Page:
The First Day
Kathryn Scanlan has written this wonderful account of her first day of nursery at Balby Street School, in 1965, and of her journey across the Crags to get there…
I don’t remember if I held her hand tightly or ran ahead excited by the adventure. What I do know is that I walked the route I would take for the next six years.
Up and down, twice a day in the hottest of summers and chilblain-inducing winters. Thin anoraks and hand-knitted balaclavas were our only protection, legs left exposed, blasted raw by the wind that cut up from the valley.
The Crags, a little-regarded strip of land between our house and school; part nature reserve, part rubbish dump. We passed dehydrated grass, Hawthorne and dog roses, home to all manner of wildlife. Skylarks advertising their nest locations, piping their song before parachuting into them. Rich pickings for the child egg thieves, who tiring of the grey-white speckled bounty smashed them on the red shale path, leaving miniature mosaics of yellowyolk and crumpled shell.
Tiny vole skeletons left stripped of flesh, white grinning through carbon black, part of the aftermath of regular torching of the grass. Boys excited by the drama they had created catching the anger of sleep-creased men, roused from daytime slumbers after a hard nights graft, beating flames into submission with old rags.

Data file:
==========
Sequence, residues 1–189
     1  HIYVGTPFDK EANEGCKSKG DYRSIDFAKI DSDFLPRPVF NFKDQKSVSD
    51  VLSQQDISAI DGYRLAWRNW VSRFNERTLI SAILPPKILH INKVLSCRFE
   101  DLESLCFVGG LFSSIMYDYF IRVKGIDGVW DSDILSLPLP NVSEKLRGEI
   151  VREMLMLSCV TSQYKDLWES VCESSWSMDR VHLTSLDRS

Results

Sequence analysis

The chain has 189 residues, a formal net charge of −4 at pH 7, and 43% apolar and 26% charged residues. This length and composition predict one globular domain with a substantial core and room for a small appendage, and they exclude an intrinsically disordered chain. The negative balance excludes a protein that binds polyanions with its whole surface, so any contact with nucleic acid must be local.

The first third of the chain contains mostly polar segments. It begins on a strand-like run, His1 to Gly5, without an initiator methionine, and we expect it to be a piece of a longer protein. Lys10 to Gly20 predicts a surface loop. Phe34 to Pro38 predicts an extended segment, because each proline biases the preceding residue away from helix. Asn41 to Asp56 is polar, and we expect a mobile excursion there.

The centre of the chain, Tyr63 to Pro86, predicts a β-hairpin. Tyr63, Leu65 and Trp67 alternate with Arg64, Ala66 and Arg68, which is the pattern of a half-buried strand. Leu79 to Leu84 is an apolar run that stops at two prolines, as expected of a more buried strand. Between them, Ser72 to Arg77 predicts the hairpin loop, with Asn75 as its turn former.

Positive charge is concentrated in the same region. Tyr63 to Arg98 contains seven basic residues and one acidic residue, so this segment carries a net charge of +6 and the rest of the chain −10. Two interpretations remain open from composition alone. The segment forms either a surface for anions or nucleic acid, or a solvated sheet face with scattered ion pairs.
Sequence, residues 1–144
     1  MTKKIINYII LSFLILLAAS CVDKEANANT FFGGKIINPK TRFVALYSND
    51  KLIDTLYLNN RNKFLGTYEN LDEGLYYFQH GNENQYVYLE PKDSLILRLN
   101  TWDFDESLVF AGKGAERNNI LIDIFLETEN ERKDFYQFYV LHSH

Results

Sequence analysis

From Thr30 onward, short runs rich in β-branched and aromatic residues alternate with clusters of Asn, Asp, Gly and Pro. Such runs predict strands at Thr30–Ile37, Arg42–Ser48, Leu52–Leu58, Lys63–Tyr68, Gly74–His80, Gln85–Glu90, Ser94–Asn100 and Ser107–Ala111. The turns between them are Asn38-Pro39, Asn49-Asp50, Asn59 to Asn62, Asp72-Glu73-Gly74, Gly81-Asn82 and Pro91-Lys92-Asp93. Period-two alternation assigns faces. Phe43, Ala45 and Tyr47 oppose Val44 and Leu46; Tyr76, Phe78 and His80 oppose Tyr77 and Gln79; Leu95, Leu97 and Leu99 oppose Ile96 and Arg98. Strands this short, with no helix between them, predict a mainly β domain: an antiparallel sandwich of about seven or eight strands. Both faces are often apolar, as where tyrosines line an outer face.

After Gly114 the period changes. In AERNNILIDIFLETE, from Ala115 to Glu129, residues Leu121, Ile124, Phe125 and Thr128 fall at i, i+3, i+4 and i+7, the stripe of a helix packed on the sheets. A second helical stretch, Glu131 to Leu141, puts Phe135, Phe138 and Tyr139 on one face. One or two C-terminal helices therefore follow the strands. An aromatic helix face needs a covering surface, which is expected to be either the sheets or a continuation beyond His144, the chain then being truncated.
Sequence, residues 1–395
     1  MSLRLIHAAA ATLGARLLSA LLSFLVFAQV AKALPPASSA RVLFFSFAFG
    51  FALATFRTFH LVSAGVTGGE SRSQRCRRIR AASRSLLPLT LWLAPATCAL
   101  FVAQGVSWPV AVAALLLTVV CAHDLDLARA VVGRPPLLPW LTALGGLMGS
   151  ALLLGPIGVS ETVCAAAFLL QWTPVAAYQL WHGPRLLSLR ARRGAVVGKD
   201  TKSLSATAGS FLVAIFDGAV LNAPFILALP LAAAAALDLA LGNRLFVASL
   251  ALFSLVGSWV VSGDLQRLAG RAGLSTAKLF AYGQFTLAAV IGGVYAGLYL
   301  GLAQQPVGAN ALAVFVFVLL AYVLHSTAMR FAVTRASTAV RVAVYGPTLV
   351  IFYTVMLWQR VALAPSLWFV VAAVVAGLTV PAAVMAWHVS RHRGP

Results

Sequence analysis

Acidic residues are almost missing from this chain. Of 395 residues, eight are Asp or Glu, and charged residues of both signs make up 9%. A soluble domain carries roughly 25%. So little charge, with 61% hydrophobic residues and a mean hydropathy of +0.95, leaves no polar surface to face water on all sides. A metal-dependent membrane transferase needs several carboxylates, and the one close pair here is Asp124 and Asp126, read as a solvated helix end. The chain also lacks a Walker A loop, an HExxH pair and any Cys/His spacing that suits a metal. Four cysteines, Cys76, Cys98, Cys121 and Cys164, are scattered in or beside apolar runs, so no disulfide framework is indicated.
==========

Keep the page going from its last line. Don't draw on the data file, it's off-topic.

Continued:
Red and black, Scotch Burnet moths rising in a telepathic cloud each summer, leaving behind their punctured, parchment-thin cocoons. Wildflowers, collected by the armful, decorated the classroom. Flies and earwigs carried into the alien environment kept company with escaping frogs that had completed their metamorphosis.
The nursery class was reached through French doors, via a bridge which spanned the steep slope of the playground. A drain running beneath it was a magical river on rainy days. Radius-edged bricks topped the wall, which was an insurmountable height on that first day.
High windows ran along one side of the square room. In the summer, heat and sunlight poured through them. In winter, only clouds and birds could be viewed.
The cloakroom ran alongside the classroom, a row of low hooks for coats each identified to its owner by an animal. Illustrated in a simplified style on a pastel coloured card, slotted into holders cast as part of the brass hook.
The cloakroom was pervaded by the tarmac smell of San Izal disinfectant and the tang of coal tar soap. The bars miniaturised like the basins and sinks, so low an adult would need to stoop or kneel to use them. Polished grey terrazzo floor, crisscrossed by a movement map of blackened cracks, caused by the colliers cutting coal below.
It filled the grate in the classroom fireplace, guarded by a high fender, which became a perch for the teacher at the end of the day.
We sat in front of its blaze, cross-legged on the mat, feeling its warmth, mesmerised by storytime.